Balin's reluctance to tour had kept the band off the road for over a year, and Slick's alcoholism increasingly became a problem, which led to two consecutive nights of disastrous concerts in Germany in June 1978.[3] On the first night, the band was scheduled to perform at the Lorelei Amphitheater in Germany, on the bill with Leo Kottke and the Atlanta Rhythm Section, but Grace was too ill to perform. In spite of the rest of the band’s willingness to go on without Grace, in various configurations and playing a set not dependent upon her vocals, and so as to avoid disappointing the audience, Kantner insisted the show be cancelled. “He has made his decision; if Grace would not perform, the Starship could not perform. ‘Look, man,’ he said, raising his eyes to the others. ‘We can't play, It would be like the Stones without Jagger. I don't want to fool our audience. Balin and Sears, who were back at the hotel with Kantner and Slick, protested, but Kantner was adamant.”[4] “The three Starship musicians at the gig - Freiberg, Barbata, and Chaquico - discussed the possibility of the three of them performing alone. That was ruled out because there wasn't a singer amongst them.[4]” There was an announcement made to the fans that the band would perform for them on July 2, but the crowd would have none of it. Bottles and stones began flying, and the stage was ransacked and set ablaze. “They had lost virtually everything. The gear they had spent 12 years tuning to perfection. All their guitars; Chaquicos 1959 Les Paul Sunburst, his '57 Gold Top. The Fender Jazz bass Pete Sears had played exclusively for 16 years. Barbata's vintage cymbals. Guitar losses alone totalled five Gibsons, five Fenders, two Rickenbackers, an Ibanez double neck, a custom bass, two Guild accoustics and a pair of Ovation acoustic / electrics. The Starship had brought $160,000 of equipment into Germany. About $15,000 remained, including three mixers heroically saved by the sound engineers.[4]” A shell-shocked band, who had scrambled to find replacement gear, made it to the show in Hamburg the next night. Slick, in a drunken stupor, shocked that audience by swearing and making sexual references throughout most of her songs. She also reminded the audience that their country had lost World War II, repeatedly asking "Who won the war?", and implied that all residents of Germany were responsible for the wartime atrocities.[5][6]After the debacle, Kantner asked for Slick's resignation from the band.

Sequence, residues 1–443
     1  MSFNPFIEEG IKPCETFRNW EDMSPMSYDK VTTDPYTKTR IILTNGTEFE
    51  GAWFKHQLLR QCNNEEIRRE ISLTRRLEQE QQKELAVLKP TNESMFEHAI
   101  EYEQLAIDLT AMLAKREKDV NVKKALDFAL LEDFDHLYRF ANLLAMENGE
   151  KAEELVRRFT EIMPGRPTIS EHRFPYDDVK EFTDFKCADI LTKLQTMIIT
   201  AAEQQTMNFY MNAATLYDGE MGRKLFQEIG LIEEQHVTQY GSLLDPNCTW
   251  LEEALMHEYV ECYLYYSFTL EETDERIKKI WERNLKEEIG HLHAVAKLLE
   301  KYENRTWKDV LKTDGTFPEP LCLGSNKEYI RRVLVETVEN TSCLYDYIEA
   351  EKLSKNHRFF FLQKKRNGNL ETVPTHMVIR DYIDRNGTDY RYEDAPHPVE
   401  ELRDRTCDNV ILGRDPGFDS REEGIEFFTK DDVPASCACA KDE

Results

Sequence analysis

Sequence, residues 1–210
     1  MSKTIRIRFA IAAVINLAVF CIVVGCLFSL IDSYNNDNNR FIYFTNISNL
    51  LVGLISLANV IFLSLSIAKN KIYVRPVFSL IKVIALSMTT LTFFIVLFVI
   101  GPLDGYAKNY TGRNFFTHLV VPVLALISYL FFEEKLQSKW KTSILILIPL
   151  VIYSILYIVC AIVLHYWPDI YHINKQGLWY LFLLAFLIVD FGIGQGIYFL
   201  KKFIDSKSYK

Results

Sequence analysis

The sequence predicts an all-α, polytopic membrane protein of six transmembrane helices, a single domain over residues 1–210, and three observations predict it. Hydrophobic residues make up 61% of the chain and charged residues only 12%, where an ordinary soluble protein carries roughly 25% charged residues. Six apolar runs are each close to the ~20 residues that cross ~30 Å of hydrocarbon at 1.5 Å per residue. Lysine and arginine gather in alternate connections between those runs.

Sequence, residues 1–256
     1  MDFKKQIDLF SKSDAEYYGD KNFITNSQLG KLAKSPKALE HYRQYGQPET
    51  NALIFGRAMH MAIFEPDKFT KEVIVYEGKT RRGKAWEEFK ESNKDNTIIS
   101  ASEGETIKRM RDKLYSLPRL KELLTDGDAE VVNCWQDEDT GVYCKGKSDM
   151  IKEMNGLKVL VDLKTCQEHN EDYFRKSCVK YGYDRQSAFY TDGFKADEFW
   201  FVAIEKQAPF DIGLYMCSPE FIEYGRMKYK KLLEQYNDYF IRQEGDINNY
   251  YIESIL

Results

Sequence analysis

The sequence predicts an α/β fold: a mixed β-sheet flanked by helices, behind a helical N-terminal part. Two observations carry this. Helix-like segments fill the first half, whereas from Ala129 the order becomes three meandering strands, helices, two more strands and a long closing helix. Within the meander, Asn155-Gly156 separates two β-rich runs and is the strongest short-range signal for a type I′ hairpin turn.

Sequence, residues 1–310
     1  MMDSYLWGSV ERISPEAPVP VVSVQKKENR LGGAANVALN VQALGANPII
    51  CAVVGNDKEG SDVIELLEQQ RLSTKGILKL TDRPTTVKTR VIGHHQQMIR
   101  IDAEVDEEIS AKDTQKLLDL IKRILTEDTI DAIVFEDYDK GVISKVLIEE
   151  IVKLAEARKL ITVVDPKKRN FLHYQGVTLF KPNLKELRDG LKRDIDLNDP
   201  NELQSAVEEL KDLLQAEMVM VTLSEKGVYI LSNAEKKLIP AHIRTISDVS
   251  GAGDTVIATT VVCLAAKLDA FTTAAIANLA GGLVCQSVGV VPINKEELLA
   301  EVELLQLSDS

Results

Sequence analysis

Towards the end of 1978, Jefferson Starship (now without Grace Slick) recorded the single "Light the Sky on Fire" (music and lyrics by Craig Chaquico) for television's Star Wars Holiday Special. It was released as a promotional tie-in to the special (backed with "Hyperdrive" from Dragon Fly), and was also included as a bonus with their greatest hits album Gold (1979), which highlighted their work from 1974's Dragon Fly to 1978's Earth.